I caught the wedding bouquet!

Thanks to generous friends, I recently went on my first vacation in a wheelchair. London was an easy choice: I had a beautiful wedding to attend in one of the most accessible cities in the world. The taxicabs are all wheelchair-ready (shame on you, New York!) and major landmarks have well-developed accessibility options. Perhaps because of the Paralympics last year, the city takes accessibility seriously. I had a wonderful trip.

While traveling, I was struck by the number of strangers (on both sides of the Atlantic) who asked me whether my assistant is my mother. Judging by looks alone, that assumption makes sense. What does not, is why so many flight attendants, hotel clerks, baristas, and fellow travelers literally opened conversations with that question.

SCI is part of my experience and relationship to the world; getting to know its effects is part of getting to know me. In that vein, I don’t mind being asked whether I’m related to my assistant. But satisfying one’s curiosity about me before performing a job or saying a greeting is jarring and alienating.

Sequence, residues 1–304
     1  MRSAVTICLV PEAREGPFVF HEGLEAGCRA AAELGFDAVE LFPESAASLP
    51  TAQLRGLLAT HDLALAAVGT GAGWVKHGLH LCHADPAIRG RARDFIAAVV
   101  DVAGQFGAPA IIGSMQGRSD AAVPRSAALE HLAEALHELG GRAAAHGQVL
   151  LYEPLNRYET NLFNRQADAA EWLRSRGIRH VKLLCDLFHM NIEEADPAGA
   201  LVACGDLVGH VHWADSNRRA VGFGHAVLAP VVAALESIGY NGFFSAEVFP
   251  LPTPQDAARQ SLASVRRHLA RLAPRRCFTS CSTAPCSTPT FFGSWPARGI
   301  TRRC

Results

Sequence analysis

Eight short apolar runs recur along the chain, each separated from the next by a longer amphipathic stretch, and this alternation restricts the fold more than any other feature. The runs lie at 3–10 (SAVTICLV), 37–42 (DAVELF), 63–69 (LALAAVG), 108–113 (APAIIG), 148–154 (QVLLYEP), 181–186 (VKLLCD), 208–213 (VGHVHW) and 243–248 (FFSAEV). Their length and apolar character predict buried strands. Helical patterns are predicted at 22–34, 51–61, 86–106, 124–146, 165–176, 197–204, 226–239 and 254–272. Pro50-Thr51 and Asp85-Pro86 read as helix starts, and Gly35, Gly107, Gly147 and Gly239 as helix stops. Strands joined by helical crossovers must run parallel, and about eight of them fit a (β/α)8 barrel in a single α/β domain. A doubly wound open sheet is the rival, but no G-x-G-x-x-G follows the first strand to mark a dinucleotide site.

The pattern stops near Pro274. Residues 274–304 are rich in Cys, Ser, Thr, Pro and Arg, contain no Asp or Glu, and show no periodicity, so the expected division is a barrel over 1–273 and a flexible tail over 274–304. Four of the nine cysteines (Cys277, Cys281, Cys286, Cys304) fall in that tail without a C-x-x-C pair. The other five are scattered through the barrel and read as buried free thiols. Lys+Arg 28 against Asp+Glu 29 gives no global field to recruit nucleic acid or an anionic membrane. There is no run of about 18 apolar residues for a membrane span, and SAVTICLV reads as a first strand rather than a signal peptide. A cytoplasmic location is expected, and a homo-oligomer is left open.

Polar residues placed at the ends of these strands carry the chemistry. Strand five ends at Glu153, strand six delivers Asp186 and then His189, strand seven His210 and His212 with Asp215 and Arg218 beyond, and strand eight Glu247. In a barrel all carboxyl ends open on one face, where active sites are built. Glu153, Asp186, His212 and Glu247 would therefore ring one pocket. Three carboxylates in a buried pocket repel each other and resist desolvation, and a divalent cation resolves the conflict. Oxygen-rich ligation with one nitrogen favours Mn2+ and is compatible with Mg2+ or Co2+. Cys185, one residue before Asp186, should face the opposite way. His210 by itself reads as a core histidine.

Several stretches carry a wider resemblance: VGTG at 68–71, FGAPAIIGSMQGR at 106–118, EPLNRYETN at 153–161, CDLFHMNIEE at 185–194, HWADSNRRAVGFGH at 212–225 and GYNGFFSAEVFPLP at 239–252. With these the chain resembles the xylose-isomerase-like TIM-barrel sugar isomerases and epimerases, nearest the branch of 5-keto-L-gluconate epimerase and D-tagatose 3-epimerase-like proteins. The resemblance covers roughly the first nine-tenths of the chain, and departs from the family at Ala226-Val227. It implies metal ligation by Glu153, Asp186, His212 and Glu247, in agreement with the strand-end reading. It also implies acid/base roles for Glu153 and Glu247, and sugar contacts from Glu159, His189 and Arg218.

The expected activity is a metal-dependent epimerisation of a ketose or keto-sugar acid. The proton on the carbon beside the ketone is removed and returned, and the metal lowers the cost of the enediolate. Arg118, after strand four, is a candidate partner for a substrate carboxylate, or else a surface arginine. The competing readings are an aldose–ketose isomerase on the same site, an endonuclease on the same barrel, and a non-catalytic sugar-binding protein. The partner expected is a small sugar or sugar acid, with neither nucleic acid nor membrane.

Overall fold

More like sister, am I right?

So here’s a shout out to all the people who have bothered to say hello before saying “what’s wrong with you?” (and its iterations) to anyone with a visible disability. And many thanks those who have cheered me on so that I don’t get hung up on frustrations like this one. Here’s to many exciting travels for us all!

Relatedly, here are some interesting lists I found: the most common disability stereotypes and some things not to say to a person in a wheelchair.